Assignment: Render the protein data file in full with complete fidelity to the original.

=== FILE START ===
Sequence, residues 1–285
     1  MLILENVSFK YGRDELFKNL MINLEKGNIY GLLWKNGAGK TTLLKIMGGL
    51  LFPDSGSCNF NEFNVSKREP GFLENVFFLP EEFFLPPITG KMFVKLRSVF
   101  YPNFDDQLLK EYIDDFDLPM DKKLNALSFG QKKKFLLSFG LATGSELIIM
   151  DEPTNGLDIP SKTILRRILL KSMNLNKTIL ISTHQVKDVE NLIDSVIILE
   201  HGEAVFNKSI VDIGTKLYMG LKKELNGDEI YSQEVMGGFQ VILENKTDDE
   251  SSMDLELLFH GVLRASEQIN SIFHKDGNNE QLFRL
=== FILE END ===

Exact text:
Sequence, residues 1–285
     1  MLILENVSFK YGRDELFKNL MINLEKGNIY GLLWKNGAGK TTLLKIMGGL
    51  LFPDSGSCNF NEFNVSKREP GFLENVFFLP EEFFLPPITG KMFVKLRSVF
   101  YPNFDDQLLK EYIDDFDLPM DKKLNALSFG QKKKFLLSFG LATGSELIIM
   151  DEPTNGLDIP SKTILRRILL KSMNLNKTIL ISTHQVKDVE NLIDSVIILE
   201  HGEAVFNKSI VDIGTKLYMG LKKELNGDEI YSQEVMGGFQ VILENKTDDE
   251  SSMDLELLFH GVLRASEQIN SIFHKDGNNE QLFRL